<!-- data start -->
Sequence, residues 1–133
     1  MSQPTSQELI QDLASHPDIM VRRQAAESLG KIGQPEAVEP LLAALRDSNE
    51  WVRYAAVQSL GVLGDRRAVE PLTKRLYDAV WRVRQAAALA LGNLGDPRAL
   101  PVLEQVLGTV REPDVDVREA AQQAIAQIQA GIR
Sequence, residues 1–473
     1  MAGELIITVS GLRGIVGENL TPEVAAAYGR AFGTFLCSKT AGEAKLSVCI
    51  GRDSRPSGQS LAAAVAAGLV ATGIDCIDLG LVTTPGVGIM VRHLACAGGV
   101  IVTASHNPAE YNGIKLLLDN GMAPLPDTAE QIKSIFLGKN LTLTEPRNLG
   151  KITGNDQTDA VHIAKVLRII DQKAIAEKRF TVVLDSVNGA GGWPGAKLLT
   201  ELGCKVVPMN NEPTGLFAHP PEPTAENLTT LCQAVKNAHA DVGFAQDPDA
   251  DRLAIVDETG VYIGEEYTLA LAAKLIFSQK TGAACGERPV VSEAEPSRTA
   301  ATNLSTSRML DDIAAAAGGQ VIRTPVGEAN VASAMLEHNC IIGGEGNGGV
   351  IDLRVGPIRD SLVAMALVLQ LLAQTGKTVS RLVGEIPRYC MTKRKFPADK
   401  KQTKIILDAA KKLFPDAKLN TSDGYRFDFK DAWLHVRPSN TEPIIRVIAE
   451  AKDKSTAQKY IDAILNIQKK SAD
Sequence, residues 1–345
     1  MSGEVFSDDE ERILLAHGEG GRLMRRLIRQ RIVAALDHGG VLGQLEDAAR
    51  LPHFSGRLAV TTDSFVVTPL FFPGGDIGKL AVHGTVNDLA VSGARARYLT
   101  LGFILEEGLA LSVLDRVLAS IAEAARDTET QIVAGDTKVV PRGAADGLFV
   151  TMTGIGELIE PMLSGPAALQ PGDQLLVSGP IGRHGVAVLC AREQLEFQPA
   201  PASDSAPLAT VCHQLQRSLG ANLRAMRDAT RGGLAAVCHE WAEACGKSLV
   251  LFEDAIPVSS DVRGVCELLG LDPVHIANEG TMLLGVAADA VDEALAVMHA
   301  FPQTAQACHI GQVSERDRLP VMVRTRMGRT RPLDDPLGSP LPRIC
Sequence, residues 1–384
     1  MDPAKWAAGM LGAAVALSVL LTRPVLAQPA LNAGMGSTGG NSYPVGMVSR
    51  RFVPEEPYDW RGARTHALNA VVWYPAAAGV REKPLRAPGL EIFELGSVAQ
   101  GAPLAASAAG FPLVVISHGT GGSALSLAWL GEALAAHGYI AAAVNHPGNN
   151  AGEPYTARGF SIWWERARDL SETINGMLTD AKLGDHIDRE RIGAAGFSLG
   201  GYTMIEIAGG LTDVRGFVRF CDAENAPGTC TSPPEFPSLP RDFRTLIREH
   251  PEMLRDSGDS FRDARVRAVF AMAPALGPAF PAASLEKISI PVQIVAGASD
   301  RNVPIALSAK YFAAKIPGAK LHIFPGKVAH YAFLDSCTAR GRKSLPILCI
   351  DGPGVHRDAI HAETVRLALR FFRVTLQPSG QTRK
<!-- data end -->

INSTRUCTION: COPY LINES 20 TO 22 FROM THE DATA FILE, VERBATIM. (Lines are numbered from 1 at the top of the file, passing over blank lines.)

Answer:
   151  TMTGIGELIE PMLSGPAALQ PGDQLLVSGP IGRHGVAVLC AREQLEFQPA
   201  PASDSAPLAT VCHQLQRSLG ANLRAMRDAT RGGLAAVCHE WAEACGKSLV
   251  LFEDAIPVSS DVRGVCELLG LDPVHIANEG TMLLGVAADA VDEALAVMHA